Alan Dugan had been publishing poems in literary magazines for a number of years—winning an award from Poetry as early as 1947—before his first book of poetry was published in 1961. That book, Poems, enjoyed one of the greatest critical successes of any first volume of poems in the twentieth century. Dudley Fitts awarded it the Yale Series of Younger Poets Award; it also won the National Book Award and the Pulitzer Prize (1962). Poet Philip Booth called it “the most original first book that has appeared . . . in a sad long time.”
Dugan published subsequent volumes of poetry, similar in style and range to his first volume. Dugan received the Rome Fellowship from the American Academy of Arts and Letters (1962), a Guggenheim Fellowship (1963-1964), and the Rockefeller Foundation Fellowship (1966-1967). He won the Levinson Prize from Poetry magazine in 1967 and the Shelley Memorial Award in 1982. Poems Seven earned the National Book Award in Poetry from the National Book Foundation in 2001 and the Massachusetts Book Award in poetry in 2002. Dugan received the Lannan Literary Award for Poetry in 2002.
Atlas, James. “Autobiography of the Present.” Poetry 125 (February, 1975): 300-301. This review emphasizes Dugan’s acute observations about commonplace moments in daily life. Atlas criticizes the later poems of Dugan for adopting a hectoring and polemical tone.
Boyers, Robert. “On Alan Dugan.” In Contemporary Poetry in America, edited by Robert Boyers. New York: Schocken Books, 1974. A clear and thorough overview of Dugan’s poetry. Despite his limitation in range, Dugan is praised as a moralist in difficult times. Boyers believes that the best poems make “a temporary truce with the miserableness of the world.”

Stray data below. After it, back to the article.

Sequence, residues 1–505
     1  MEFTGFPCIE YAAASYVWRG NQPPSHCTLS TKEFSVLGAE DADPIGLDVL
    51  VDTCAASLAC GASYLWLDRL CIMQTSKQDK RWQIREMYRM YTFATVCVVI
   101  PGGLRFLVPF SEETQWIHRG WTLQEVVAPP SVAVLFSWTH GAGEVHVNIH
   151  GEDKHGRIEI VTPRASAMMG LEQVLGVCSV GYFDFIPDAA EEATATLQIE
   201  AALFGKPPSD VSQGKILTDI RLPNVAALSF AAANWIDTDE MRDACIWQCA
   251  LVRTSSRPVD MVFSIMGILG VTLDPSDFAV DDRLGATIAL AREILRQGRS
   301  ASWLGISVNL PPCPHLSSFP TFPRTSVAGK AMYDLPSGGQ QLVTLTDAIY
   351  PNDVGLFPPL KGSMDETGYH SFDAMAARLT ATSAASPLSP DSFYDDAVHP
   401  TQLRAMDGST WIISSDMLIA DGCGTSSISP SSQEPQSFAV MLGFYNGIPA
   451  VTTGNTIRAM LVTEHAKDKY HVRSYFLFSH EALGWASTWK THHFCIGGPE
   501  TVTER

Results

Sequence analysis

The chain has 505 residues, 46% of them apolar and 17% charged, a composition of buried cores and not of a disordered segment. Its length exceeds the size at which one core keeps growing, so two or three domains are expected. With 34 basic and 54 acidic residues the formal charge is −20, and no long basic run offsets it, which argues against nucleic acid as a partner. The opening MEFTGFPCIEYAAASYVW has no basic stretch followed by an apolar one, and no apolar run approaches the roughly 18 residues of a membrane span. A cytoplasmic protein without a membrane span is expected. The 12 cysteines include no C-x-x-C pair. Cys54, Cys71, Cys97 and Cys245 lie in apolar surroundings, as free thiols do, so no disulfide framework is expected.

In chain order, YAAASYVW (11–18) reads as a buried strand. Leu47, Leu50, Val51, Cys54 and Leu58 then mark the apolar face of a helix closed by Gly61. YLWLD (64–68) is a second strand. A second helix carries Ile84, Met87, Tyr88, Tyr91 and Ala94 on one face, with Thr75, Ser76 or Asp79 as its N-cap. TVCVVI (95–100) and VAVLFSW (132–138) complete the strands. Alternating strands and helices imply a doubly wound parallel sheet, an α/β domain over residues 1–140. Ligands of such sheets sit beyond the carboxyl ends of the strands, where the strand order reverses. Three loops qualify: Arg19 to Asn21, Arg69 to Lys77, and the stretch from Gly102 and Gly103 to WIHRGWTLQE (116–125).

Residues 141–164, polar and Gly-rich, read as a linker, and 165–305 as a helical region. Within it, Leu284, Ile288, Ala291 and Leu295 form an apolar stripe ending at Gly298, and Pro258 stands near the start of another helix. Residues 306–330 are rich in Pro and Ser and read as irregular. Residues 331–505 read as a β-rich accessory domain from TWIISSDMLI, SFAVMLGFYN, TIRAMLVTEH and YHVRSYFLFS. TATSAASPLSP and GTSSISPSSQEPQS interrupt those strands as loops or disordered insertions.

Dugan, Alan. Interview by J. C. Ellefson and Belle Waring. American Poetry Review 19 (May/June, 1990): 43-51. In this wide-ranging interview, Dugan talks about his childhood, his parents, his early jobs (including writing for the New York Enquirer, later to become National Enquirer), and his attitude toward poetry. He expresses admiration for the poetry of Charles Bukowski and Philip Levine, contemporary urban American poets with whom he felt a kinship.
Howard, Richard. Alone with America: Essays on the Art of Poetry in the United States Since 1950. Rev. ed. New York: Atheneum, 1980. In this complex and difficult-to-read book, Howard finds something like paranoia at the center of Dugan’s work. He believes that the poetry displays an “honest and desperate resentment and hatred,” a hatred sometimes directed at language itself.
Martin, Douglas. “Alan Dugan, Eighty, Barbed Poet of Daily Life’s Profundities.” The New York Times, September 5, 2003, p. C11. Obituary of Dugan that looks at his life and his poetry.
Scharf, Michael. Review of Poems Seven. Publishers Weekly 248, no. 43 (October 22, 2001): 71. A review of the collection that garnered for Dugan his second National Book Award.
Stepanchev, Stephen. American Poetry Since 1945. New York: Harper & Row, 1965. Stepanchev states that nothing was sacred to Dugan. He praises him highly for the colloquial directness and honesty of his work and discovers a kind of irony in the way his simple style confronted difficult and complicated subjects.